On the occasion of the first presentation of scientific results derived from GOME data, the media were also briefed on the status of the ERS-2 mission, 9 months after the satellite's launch on 21 April 1995.
As reported in press release no. 22-95, activation of the payload went as planned except for an anomaly with the Active Microwave Instrument (AMI) which acquires the high resolution radar images of the Earth's surface and measures sea surface wind speed and direction as well as ocean wave parameters. This anomaly was soon restricted to the wind scatterometer mode and, since July 1995, the AMI, both in the image and wave modes, has been in continuous operation; SAR images are now routinely distributed to users.
After an extensive investigation, the wind scatterometer anomaly was resolved by an ingenious work-around solution and the instrument has been working operationally since 22 November 1995; the validation tests will continue until end April 1996, just prior to ERS-2 taking over fully from ERS-1 at the end of May.
The radar altimeter and its supporting microwave sounder are fully operational and the new GOME instrument is already producing data of exceptional interest, thus promising to be the best ozone monitoring instrument currently in orbit. The PRARE entered its operational phase on 1 January 1996 and the PRARE ground station network is being progressively completed. The instrument is fully compliant with its specified performances.
The Along Track Scanning Radiometer (ATSR-2) which was working remarkably well since launch, ceased normal operations on 22 December because of a problem with the scanning mirror. A team at the Central Laboratories of the Research Council (CLRC) in the United Kingdom, which developed and funded this UK-provided instrument, is investigating the reasons for the anomaly. CLRS has agreed to keep the media informed of progress in the investigation and of the efforts made to resume the instrument's normal operations.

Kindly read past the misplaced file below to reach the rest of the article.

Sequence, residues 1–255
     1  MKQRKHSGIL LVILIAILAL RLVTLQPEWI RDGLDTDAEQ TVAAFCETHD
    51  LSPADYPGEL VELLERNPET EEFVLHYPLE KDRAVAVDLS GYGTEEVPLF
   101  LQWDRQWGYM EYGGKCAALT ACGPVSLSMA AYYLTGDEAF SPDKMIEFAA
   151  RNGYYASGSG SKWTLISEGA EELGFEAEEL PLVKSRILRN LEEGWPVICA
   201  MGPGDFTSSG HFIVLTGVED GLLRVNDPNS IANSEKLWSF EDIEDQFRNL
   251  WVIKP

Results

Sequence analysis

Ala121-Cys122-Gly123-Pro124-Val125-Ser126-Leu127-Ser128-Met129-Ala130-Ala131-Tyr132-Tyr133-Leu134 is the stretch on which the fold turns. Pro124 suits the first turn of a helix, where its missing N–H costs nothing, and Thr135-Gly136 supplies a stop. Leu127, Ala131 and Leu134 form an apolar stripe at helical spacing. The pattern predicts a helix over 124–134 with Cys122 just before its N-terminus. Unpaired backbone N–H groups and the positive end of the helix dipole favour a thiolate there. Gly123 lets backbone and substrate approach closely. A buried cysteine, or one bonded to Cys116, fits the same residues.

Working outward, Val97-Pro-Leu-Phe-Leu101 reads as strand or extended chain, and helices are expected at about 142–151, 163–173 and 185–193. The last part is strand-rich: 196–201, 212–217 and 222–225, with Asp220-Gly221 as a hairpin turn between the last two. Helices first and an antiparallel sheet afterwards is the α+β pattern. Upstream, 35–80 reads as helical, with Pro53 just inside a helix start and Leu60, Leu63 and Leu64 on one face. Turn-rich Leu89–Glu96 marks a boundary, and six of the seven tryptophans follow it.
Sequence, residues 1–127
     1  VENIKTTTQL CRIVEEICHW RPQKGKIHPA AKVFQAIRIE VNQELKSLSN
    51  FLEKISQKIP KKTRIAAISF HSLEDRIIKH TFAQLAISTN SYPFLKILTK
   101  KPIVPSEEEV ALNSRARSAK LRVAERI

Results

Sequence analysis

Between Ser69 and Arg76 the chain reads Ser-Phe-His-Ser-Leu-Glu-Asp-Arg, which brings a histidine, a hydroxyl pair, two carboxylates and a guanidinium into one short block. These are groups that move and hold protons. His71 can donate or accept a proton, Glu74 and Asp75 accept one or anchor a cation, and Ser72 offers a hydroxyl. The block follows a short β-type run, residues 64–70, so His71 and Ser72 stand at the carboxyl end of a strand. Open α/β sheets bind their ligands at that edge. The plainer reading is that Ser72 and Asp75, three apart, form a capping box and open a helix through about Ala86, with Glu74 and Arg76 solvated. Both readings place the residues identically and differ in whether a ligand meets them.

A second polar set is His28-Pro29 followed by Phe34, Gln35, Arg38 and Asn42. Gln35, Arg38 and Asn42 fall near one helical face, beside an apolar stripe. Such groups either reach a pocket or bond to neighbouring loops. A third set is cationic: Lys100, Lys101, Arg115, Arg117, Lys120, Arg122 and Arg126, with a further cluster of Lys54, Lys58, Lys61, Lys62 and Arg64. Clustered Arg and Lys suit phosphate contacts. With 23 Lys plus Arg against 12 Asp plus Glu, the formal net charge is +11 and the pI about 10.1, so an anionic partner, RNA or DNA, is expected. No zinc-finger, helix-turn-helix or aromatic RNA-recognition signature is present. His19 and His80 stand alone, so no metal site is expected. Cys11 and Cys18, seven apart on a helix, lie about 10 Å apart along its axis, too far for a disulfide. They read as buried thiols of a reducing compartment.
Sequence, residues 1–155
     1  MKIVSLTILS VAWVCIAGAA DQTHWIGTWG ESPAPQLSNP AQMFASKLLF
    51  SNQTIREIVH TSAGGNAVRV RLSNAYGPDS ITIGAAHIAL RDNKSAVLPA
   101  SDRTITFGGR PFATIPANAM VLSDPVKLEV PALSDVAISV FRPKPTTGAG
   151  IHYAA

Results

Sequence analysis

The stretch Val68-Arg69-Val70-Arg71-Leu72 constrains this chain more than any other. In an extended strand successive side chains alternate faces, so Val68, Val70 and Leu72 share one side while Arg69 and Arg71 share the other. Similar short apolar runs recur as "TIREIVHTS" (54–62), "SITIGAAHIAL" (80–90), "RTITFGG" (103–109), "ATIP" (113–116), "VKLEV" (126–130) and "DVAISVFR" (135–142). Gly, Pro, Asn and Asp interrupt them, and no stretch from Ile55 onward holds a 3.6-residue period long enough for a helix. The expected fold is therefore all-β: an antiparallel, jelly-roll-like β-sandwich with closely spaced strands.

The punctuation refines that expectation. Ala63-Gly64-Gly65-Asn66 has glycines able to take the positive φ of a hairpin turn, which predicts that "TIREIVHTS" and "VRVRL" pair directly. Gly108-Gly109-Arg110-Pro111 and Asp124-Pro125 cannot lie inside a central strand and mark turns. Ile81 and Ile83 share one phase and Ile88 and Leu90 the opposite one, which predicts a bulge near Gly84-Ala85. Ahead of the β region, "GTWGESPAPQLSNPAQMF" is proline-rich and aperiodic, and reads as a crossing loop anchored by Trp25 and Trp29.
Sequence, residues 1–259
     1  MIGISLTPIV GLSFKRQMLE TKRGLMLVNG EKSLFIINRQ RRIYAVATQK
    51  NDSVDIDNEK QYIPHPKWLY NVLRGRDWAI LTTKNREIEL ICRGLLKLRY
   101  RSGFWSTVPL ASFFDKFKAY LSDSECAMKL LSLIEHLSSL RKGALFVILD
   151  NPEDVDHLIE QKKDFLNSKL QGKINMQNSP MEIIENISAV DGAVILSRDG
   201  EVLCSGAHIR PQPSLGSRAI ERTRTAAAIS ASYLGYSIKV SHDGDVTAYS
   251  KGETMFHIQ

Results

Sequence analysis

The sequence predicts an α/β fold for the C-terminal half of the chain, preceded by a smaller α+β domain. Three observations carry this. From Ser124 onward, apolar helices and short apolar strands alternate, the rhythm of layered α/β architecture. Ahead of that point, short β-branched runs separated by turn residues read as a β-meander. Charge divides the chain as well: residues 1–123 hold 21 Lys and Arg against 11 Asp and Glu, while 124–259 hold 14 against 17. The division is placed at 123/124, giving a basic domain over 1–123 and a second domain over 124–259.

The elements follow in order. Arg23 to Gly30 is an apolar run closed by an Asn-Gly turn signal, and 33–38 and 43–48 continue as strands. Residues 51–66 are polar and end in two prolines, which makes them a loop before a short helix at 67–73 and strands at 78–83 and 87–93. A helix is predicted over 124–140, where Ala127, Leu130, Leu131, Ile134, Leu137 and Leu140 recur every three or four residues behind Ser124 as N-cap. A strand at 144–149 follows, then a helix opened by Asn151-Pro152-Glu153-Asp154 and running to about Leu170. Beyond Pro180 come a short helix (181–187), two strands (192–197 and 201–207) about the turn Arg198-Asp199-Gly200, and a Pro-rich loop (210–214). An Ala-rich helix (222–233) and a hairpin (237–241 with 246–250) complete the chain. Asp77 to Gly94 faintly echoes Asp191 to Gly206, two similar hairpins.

Since 16 August 1995 and until mid-May 1996, ERS-1 and ERS-2 are being operated simultaneously. This is the first time ever that 2 identical SARs are operating in tandem. The orbits of the two satellites are carefully phased to provide a 1- day revisit interval; this enables collection of (interferometric SAR image pairs which will be used for the generation of a global Digital Terrain Model (DTMs) set as well as for many other novel applications such as differential interferometry. In this context, ESA has just released an Announcement of Opportunity to the scientific/-academic community to evaluate the potential of SAR interferometry (INSAR) and differential INSAR for geo-hazard risk assessment arising from earthquakes, volcanic erruptions, landslides and glacial surges.
"Were it not for the problem with the ATSR-2, I could have said that we have 2 fully operational ERS satellites in orbit. ERS-1 continues to function like clockwork 41/2 years after its launch and, in tandem with ERS-2, is producing great results every day" said Guy Duchossois, Head of ESA's Earth Observation Mission Management Office.